France plans new measures to clamp down on media and social networks that publish exit polls and partial results of Sunday's presidential election ahead of their official release, and will not hesitate to sue lawbreakers, the country's poll watchdog said.
French law forbids pollsters from releasing vote estimates on election day and the day before, but the emergence of technology such has Twitter has made it more difficult to control potential leaks of voting trends.
The Poll Commission, which regulates pollsters, is due to outline on Friday new steps to prevent leaks on sites such as Twitter and Facebook as well as traditional media after the Liberation newspaper hinted it might break the embargo.
The panel said the new measures were aimed at preventing late voters from being swayed by early news on the voting trend and said it would pursue media outlets in neighboring countries like Switzerland and Belgium that violate French law.
In previous years the commission has been able to do little to prevent people consulting the websites of media in Belgium and Switzerland, which routinely report exit polls before results are officially published from 8 p.m. (2 p.m. EDT). Polls close at 6 p.m. nationally and 8 p.m. in big cities.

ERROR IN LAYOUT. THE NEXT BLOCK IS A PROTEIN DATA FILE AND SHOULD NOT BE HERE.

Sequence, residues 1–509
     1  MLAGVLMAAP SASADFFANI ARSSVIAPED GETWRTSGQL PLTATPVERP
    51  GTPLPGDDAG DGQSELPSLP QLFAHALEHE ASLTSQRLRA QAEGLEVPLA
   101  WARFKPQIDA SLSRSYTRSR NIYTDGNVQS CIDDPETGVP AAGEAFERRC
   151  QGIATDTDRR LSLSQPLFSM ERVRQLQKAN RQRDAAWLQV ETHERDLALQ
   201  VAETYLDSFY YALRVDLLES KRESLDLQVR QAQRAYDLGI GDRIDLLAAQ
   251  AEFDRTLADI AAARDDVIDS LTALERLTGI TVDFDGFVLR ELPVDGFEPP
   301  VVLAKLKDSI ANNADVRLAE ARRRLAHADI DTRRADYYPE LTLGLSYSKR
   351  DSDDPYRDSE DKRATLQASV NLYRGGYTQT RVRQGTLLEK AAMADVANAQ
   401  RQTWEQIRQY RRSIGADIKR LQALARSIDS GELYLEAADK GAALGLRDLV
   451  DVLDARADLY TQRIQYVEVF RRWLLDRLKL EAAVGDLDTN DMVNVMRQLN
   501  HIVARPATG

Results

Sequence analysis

If there is a broadcast in France, the origin of the broadcast doesn't matter, the law has been broken and we will alert the prosecutor, said Mattias Guyomar, the commission's general secretary.
We will consider there to be broadcasting in France from the moment that the site is consulted from an IP address in France, he added.
Any site that shares a link on Twitter or Facebook will also be in violation of the law, the commission said.
Both companies declined to comment.
During the first round of France's 2007 election, the websites of several Swiss and Belgian newspapers crashed under the weight of French web surfers trying to consult them, prompting some to boost their capacity before the 2012 election.
President Nicolas Sarkozy's re-election hopes suffered a double setback four days from the first round of voting when a string of public defections compounded the impression that his tumble in opinion polls is pushing victory beyond reach.
Sarkozy moved briefly into the lead in polls for the first round on April 22 following his handling of a shooting drama in southwestern France in March, but he has slipped back again in more recent polls and the runoff gap has widened.